Is it worth it? I wonder. Worth the $27 and wait in the 10-person long line?
I flip through the pages again – trying to gauge whether I will actually make any of the “1,100 quick dishes for everynight cooking” in bon appétit’s fast easy fresh cookbook. I think back to Mark Bittman’s epic How to Cook Everything that a former roommate bequeathed to me nearly a year ago. At the time, I was ecstatic – Mark Bittman! – and had eagerly accepted the 960 page volume from her outstretched hands.
Of course I would use the cookbook all the time! I assured her. He’s one of my epicurean heroes – and he’s a runner! I’d forever be consulting the book for soups and polenta and that pizza I’m going to make from scratch. Some day.
Nine months later, I’ve yet to crack the cover.
I sigh. Do I really need the bon appétit cookbook? I know I can find most, if not all, the recipes on line. Plus, there aren’t nearly enough pictures.
I need pictures.
How else will I know if a recipe is going to taste good? It’s how I decide which dishes to click on TasteSpotting!
I start to put it down. I need to be practical. To not make impulse purchases that I don’t really need and probably won’t even use. I’m halfway to the exit when I remember the worn, stained, barely legible cookbooks that line the shelves in my parents’ kitchen. I think of the handwritten notes next to my mom’s favorite recipes – “More pepper” on one, “Double the sauce” on another, “Diana likes!” next to the one dish I actually ate when I was an impossibly picky child.
I want that – the torn, worn and tattered cookbooks that my future children will make fun of.
I turn through the pages again. I’d make Wisconsin mac & cheese, I’d make celery root risotto and pesto, and I know I’d make the split pea and green pea soup with fresh dill. It’s the last recipe that seals the deal – it makes me want to go straight to Whole Foods so I can cook it now.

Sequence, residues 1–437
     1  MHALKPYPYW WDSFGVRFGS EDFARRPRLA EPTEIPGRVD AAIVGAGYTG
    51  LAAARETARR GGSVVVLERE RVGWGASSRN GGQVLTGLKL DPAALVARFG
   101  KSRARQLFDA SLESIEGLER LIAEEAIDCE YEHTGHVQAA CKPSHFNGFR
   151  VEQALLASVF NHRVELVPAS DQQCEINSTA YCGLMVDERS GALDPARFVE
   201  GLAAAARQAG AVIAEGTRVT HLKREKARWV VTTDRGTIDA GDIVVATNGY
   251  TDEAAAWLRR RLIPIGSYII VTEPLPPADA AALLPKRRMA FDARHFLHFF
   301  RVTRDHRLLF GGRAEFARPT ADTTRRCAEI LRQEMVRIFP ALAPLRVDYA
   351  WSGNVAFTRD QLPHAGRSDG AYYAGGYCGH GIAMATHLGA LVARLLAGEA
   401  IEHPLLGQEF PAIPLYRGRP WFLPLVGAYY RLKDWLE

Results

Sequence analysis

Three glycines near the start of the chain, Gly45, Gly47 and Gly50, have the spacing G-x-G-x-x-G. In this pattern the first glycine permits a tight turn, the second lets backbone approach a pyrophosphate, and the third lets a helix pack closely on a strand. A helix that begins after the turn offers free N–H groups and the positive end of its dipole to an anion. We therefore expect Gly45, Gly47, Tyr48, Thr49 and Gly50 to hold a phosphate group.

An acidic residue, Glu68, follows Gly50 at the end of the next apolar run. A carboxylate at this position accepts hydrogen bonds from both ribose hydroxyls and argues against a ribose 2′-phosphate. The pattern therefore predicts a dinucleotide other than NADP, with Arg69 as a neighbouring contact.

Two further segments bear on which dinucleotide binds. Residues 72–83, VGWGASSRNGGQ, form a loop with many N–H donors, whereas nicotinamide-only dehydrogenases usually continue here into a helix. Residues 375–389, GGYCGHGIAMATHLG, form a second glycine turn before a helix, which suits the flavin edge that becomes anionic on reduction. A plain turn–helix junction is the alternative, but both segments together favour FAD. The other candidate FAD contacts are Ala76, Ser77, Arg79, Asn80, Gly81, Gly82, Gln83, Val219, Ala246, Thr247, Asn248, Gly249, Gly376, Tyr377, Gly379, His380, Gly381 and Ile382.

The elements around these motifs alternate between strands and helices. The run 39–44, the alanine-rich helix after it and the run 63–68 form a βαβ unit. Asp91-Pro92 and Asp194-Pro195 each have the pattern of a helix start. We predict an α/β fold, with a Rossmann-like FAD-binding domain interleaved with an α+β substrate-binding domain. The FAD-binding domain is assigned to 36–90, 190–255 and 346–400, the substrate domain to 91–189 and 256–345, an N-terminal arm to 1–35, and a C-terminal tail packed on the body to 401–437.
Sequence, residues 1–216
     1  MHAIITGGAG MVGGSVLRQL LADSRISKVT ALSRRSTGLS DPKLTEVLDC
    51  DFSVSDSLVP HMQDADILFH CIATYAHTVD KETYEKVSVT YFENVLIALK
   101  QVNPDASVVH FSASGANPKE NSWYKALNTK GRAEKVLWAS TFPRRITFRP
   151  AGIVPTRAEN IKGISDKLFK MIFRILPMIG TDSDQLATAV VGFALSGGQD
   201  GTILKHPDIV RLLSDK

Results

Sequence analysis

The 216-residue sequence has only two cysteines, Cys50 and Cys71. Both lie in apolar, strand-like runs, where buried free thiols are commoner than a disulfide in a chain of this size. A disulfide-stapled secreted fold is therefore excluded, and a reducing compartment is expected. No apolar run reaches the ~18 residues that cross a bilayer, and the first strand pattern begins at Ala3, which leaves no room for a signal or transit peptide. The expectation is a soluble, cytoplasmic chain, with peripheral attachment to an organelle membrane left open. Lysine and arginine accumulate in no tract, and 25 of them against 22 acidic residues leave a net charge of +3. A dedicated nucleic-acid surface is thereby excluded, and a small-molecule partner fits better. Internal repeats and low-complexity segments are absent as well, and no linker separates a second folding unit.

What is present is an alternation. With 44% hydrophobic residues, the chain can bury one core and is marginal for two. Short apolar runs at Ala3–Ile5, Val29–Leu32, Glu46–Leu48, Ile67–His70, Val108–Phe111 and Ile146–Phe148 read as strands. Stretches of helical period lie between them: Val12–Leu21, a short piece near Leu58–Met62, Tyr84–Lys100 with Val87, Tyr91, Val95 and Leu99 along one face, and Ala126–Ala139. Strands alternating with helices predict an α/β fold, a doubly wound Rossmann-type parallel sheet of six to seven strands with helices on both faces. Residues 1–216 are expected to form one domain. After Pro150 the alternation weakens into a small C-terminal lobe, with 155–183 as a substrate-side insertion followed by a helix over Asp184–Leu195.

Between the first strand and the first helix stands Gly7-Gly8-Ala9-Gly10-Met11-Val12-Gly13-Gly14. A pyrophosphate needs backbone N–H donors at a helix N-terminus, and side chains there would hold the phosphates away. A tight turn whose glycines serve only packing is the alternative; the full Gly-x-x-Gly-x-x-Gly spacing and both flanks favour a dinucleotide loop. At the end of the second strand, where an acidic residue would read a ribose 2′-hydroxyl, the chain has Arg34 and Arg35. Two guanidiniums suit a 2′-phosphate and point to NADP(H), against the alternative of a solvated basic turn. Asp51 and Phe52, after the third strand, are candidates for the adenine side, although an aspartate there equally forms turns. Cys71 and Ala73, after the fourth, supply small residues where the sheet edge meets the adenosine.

Instead, I head straight for the now twelve person-long line, no longer fettered with indecision.
Two weeks later, after the holiday rush has ended and I’m no longer subsisting on a mostly cookie diet, I make the soup that convinced me to buy the bright green cookbook. It’s just as good as I’d hope it would be when I was hemming and hawing at Borders. I scrape up every dill-infused bite and then make my first note in the book.
Recipe from bon appétit’s fast easy fresh cookbook
1 small leek (white and pale green parts only), chopped (about ¾ cup)
1 small bay leaf
1/2 cup green split peas, rinsed
2 1/2 cups vegetable broth, divided
½ cup frozen green peas, thawed
2 ½ tablespoons chopped fresh dill, divided
Salt, pepper to tast
Heat oil in heavy large pot over medium-high heat. Add leek and bay leaf. Sauté until leek wilts, about 3 minutes. Add split peas and stir to coat. Add 2 1/4 cups broth; bring to boil. Reduce heat to medium-low. Cover and simmer until split peas are just tender, about 35 minutes. Remove from heat. Transfer 1/2 cup soup solids, bay leaf, and remaining 1/4 cup broth to blender. Add peas and 2 tablespoons dill. Puree until smooth. Return puree to soup. Season to taste with salt and pepper. Ladle into bowls. Sprinkle with remaining dill.